Bentley Flying Spur V8 2021 UK review

What is it?

We know how this goes, don’t we? A big Bentley arrives and we like it a great deal. Then a big Bentley with a smaller engine arrives and we like it even more.

And thus we welcome the latest Bentley Flying Spur V8, the third generation of Bentley’s saloon that, with the demise of the Mulsanne, effectively becomes the flagship limo.

Fortunately, we already know it is a much, much better car than either of its previous iterations, which, charged with being both a luxury saloon and a car capable of 200mph or thereabouts, couldn’t do isolation well enough in the face of the physical demands placed upon them. In being fast, they were insufficiently luxurious.

This time, our experience of the early 6.0-litre car means we know it can do both, on account of it being based on the MSB platform developed for the Volkswagen Group (of which Bentley is a part) by Porsche, with heavy and early input from the brands that will use it.

We’ve already found that with vast arrays of active dynamic technology, including rear steer and 48V active anti-roll bars, the 6.0 W12-engined car is deftly sprung and quiet, despite a double-ton top speed and 626bhp.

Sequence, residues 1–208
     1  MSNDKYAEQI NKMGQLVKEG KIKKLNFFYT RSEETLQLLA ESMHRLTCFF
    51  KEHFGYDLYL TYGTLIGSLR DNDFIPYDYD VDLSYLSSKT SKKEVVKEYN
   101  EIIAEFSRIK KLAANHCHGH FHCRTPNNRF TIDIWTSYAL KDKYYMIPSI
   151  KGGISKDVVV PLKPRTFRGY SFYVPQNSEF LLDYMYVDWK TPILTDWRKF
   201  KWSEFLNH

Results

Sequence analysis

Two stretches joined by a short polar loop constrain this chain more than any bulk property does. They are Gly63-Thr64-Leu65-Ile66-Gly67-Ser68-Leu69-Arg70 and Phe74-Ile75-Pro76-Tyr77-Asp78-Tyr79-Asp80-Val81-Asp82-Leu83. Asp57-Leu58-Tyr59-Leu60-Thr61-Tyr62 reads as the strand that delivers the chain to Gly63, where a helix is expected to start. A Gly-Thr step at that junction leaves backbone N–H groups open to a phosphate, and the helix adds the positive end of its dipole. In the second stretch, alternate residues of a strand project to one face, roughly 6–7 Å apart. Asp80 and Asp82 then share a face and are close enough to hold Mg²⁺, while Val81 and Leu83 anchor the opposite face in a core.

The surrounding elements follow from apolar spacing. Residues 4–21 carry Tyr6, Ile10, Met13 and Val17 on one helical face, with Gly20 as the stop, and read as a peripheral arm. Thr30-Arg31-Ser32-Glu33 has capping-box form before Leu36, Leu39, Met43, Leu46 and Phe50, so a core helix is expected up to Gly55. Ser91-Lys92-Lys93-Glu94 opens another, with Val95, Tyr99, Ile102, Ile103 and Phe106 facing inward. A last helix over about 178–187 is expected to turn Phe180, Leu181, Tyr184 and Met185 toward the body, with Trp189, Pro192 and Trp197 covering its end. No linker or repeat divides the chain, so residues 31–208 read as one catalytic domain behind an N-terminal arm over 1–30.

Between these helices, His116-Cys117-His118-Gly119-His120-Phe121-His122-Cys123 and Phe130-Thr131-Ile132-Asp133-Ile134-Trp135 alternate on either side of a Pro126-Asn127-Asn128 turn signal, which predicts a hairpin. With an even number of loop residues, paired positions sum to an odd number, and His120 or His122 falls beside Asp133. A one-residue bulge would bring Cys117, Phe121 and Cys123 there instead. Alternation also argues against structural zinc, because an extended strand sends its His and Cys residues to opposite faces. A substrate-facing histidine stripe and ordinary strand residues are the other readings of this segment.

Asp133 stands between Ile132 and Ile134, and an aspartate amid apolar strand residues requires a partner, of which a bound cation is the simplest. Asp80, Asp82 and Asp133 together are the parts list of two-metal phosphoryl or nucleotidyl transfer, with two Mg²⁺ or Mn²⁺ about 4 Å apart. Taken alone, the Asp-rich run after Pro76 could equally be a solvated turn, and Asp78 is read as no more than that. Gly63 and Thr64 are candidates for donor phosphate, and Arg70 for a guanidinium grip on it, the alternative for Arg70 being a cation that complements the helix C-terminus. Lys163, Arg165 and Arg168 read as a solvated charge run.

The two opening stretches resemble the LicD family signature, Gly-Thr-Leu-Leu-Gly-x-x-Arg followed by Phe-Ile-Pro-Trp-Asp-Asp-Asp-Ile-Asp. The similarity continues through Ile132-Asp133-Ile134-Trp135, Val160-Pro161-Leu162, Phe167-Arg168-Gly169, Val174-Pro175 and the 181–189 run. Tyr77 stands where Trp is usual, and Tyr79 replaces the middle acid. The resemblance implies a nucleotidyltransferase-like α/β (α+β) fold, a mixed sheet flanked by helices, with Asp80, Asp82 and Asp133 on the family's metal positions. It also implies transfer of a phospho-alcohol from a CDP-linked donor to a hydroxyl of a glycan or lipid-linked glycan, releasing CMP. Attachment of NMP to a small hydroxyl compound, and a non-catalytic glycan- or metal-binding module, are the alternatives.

But, as ever, the 4.0-litre V8 fitted here gives very little away. Power is ‘only’ 542bhp and torque a mere 568lb ft (rather than the 664lb ft of the W12) but it has 107kg lighter kerb weight to move around. The official weight here is 2330kg but we put a W12 on the scales at 2500kg exactly so let’s call it 2400kg, which means 226bhp per tonne rather than 240bhp per tonne.

What’s it like?

Peak torque arrives at the same 2000rpm as in the W12. There’s very little in it, then, in terms of performance (it’s a not-quite 200mph car rather than an only-just 200mph car) but also, rather more pleasingly, it’s a slightly nicer car to drive.

The noise is muted at low revs, a little V8-ish at high revs, but most of the time you’ll be unaware how many tiny bangs are taking place in front of you. You just have enough power any time you want it. The dual-clutch auto is good, too; perhaps marginally less refined than a full auto in town, but unnoticeably so most of the time.

Speak to vehicle dynamics engineers about their favourite cars in any given range and it’s no surprise to learn that it’s usually the lightest one that they like the most. That’s how, once again, we feel here. The Flying Spur V8 feels just as well isolated and quiet as the bigger-engined alternative, with genuine luxury to its ride quality, albeit not quite as much silence or waft as you’d find in a Rolls-Royce Ghost.


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